It said wind turbines accounted for about 2.3 percent of world electricity demand in 2010. Growth in China had outpaced previous projections by GWEC and Greenpeace but the United States had lagged, partly because of the economic downturn.
“We are still very optimistic, but grid issues are becoming more and more important for the wind farm industry,” Sven Teske, senior energy expert at Greenpeace, told Reuters. Grid capacity was lacking in many nations.
The study said wind would rise to 5 percent of world electricity demand by 2030, or 1,400 terawatt hours (TWh), assuming 2009 reference scenarios by the International Energy Agency, which foresee a slowdown in wind growth in coming years.
In the most positive investment scenario, GWEC and Greenpeace said wind could generate up to 22 percent of global power by 2030, or 5,400 TWh, if the world took strong action to promote renewables.
GWEC’s corporate members include Vestas (VWS.CO), Siemens (SIEGn.DE), GE (GE.N) Energy, Gamesa (GAM.MC) and Sinovel.
The report said there were major uncertainties about the future of stalled U.N. talks on a new treaty to slow global warming that would promote investments in renewables in a shift from fossil fuels.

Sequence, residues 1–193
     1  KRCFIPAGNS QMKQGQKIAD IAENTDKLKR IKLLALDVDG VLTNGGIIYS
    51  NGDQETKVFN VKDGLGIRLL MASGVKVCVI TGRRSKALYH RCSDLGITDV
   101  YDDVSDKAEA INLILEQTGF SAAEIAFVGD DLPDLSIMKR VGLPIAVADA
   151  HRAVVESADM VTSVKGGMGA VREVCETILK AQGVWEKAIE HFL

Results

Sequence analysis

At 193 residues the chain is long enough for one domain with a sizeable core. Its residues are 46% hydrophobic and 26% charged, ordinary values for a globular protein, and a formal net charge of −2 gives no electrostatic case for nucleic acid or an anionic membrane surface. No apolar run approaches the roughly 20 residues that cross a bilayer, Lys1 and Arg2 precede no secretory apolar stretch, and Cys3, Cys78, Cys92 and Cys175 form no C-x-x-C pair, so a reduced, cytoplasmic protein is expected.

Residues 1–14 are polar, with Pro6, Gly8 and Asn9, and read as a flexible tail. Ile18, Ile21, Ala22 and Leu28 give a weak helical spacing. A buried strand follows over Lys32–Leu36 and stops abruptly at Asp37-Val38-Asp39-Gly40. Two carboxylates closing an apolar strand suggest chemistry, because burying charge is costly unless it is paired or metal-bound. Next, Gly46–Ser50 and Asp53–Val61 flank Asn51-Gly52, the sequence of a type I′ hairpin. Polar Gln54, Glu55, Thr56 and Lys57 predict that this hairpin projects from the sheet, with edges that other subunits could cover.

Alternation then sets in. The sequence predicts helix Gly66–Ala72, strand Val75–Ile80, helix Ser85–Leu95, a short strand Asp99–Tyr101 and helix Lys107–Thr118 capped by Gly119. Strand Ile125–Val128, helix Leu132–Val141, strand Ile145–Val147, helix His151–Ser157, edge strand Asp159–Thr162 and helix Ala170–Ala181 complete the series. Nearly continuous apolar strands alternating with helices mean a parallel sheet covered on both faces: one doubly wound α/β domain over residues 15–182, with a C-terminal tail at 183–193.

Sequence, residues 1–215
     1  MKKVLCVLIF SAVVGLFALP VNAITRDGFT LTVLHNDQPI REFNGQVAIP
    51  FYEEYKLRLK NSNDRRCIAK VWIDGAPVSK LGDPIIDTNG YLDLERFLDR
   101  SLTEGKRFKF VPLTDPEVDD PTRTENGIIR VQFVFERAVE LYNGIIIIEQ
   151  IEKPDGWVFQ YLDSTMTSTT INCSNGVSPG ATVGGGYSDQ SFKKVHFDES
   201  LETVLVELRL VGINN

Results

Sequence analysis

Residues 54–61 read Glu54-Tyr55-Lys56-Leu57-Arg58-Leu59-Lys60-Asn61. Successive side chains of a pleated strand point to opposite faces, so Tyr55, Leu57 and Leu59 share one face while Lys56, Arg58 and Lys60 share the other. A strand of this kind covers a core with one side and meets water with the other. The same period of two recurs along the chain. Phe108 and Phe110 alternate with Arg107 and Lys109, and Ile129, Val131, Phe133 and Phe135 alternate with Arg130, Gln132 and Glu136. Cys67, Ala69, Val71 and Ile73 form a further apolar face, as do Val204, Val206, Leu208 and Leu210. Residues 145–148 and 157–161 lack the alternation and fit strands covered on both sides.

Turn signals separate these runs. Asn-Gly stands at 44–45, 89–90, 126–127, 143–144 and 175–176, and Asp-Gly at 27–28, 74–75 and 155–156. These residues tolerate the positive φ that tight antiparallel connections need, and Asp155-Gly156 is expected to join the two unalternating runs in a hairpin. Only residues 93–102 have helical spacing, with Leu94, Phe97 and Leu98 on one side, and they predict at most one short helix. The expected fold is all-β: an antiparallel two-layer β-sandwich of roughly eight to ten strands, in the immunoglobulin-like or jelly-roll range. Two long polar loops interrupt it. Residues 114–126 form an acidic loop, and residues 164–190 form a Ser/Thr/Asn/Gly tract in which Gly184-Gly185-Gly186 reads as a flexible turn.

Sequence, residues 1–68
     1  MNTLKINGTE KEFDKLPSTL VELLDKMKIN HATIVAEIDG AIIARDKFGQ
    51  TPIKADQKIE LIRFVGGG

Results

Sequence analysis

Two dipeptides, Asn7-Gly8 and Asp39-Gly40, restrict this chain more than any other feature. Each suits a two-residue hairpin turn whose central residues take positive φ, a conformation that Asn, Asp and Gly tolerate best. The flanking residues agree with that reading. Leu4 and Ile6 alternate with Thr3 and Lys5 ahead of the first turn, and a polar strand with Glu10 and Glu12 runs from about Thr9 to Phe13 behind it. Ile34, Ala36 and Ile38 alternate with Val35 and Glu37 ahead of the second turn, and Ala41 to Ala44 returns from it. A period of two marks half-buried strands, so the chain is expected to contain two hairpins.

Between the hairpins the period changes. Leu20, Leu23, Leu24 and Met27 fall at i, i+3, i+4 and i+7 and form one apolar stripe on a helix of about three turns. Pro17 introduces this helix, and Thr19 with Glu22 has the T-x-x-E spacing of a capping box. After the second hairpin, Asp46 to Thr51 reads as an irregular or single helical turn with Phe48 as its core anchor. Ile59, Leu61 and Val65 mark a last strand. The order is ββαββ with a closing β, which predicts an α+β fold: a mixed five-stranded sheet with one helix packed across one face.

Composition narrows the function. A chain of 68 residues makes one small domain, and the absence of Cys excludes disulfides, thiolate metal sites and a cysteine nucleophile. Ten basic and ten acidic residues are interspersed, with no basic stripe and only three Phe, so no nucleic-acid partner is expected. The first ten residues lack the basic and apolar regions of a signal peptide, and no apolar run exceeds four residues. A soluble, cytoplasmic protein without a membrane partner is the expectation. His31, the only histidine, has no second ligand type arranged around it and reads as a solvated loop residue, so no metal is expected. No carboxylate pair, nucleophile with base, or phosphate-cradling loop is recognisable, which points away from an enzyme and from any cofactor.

Teske said the wind industry was putting up one new wind turbine every 30 minutes, with one in three in China. He said Greenpeace and GWEC wanted a new turbine every 7 minutes to reach the highest goal.
He said Germany was likely to be among the first nations to face problems of grid capacity with new offshore wind turbines coming on stream. He said the country lacked power transmission lines to take electricty south from the coast.
“It’s not a limiting factor now but it could be within the next five years or so,” he said. The report also said that China was among nations that needed to do more.
“In China…the grid infrastructure is proving to be a serious issue, especially in areas with high wind speeds, such as the Northwest, the North and the Northeast,” it said.
Teske said that wind was getting more investments in some developing nations. “We see that there is movement both in Latin America and in Africa, in some every unexpected places like Kenya, Egypt or Eritrea,” he said.